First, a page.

Road Cycling “It is by riding a bicycle that you learn the contours of a country best, since you have to sweat up the hills and coast down them. Thus you remember them as they actually are, while in a motor car only a high hill impresses you, and you have no such accurate remembrance of country you have driven through as you gain by riding a bicycle.” -- Ernest Hemingway

Steady power output

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Old 06-12-18, 12:18 AM
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Danny01
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Steady power output

My power graph consists of steep spikes from beginning to end. It isn't smooth anywhere. I use 3s averaging. Cadence is steady. I have 2 power meters on separate bikes, so it isn't the power meter that's the problem, its me. Any tips on how I can keep it steady?
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Old 06-12-18, 05:30 AM
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mvnsnd
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What are you looking at to see the power graph? Strava doesn't smooth its graph to 3 seconds.

To smooth the power, you will need to fully concentrate an a smooth pedal stroke. Do this with light pressure on the pedals to start with and feel constant pressure all the way around the stroke.
It's going to take a lot of practice to get smooth.

Here is a short example from a recent ride where I was following, then leading a small group.

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Old 06-12-18, 05:42 AM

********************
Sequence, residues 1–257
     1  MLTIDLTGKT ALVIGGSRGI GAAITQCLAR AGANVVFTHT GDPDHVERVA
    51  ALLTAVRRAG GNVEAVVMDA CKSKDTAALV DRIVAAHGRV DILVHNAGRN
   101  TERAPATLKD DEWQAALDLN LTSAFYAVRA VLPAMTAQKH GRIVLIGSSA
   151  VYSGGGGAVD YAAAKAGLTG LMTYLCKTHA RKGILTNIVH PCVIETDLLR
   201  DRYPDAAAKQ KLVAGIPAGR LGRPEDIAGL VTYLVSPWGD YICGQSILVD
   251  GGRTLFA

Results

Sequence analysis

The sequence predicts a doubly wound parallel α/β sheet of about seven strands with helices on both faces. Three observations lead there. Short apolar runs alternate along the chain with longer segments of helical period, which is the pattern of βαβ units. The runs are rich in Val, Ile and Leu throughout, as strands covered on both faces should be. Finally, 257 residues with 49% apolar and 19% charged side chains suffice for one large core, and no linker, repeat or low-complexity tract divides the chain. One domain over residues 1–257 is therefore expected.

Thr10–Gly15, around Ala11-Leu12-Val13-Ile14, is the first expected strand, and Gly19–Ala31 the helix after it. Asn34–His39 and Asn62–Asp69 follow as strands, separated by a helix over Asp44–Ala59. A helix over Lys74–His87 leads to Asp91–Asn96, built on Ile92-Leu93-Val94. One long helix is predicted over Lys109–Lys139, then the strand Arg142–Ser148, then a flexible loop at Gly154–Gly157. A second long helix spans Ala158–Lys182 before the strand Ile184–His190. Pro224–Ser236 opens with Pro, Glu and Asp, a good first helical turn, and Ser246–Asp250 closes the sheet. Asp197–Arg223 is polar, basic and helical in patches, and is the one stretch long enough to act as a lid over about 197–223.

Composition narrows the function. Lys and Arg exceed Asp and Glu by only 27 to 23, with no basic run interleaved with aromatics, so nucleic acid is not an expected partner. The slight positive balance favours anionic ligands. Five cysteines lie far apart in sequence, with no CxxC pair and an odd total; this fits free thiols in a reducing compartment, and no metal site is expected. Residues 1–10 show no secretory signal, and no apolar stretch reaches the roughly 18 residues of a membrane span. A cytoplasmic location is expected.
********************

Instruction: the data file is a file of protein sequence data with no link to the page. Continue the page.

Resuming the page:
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Practice keeping it within a tight range. I generally shoot for plus/minus 10w and can keep it pretty steady over undulations. Maybe start with a bigger range and work on making it tighter. It took a bit of focus and practice initially. I also found that the harder you're going, the easier that is to do. It's eaiser to stay steady at threshold than easy pace.

I also disagree that it has anything to do with a smooth pedal stroke or putting pressure all the way around the pedals. That's not how anyone actually pedals, and not as efficient anyway.
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Old 06-12-18, 06:16 AM
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Originally Posted by rubiksoval View Post
Practice keeping it within a tight range. I generally shoot for plus/minus 10w and can keep it pretty steady over undulations. Maybe start with a bigger range and work on making it tighter. It took a bit of focus and practice initially. I also found that the harder you're going, the easier that is to do. It's eaiser to stay steady at threshold than easy pace.

I also disagree that it has anything to do with a smooth pedal stroke or putting pressure all the way around the pedals. That's not how anyone actually pedals, and not as efficient anyway.
By the nature of cycling power calculation of force (torque) times angular velocity, measured at a certain frequency (typically 1 sample per second), to see a smooth graph, one would need to have a constant torque and velocity, or a combination that results in a constant output value.
And while you are correct that no really has a full circle force on the pedal, trying to think about it while pedaling will help to smooth the pedal stroke.
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Old 06-12-18, 06:44 AM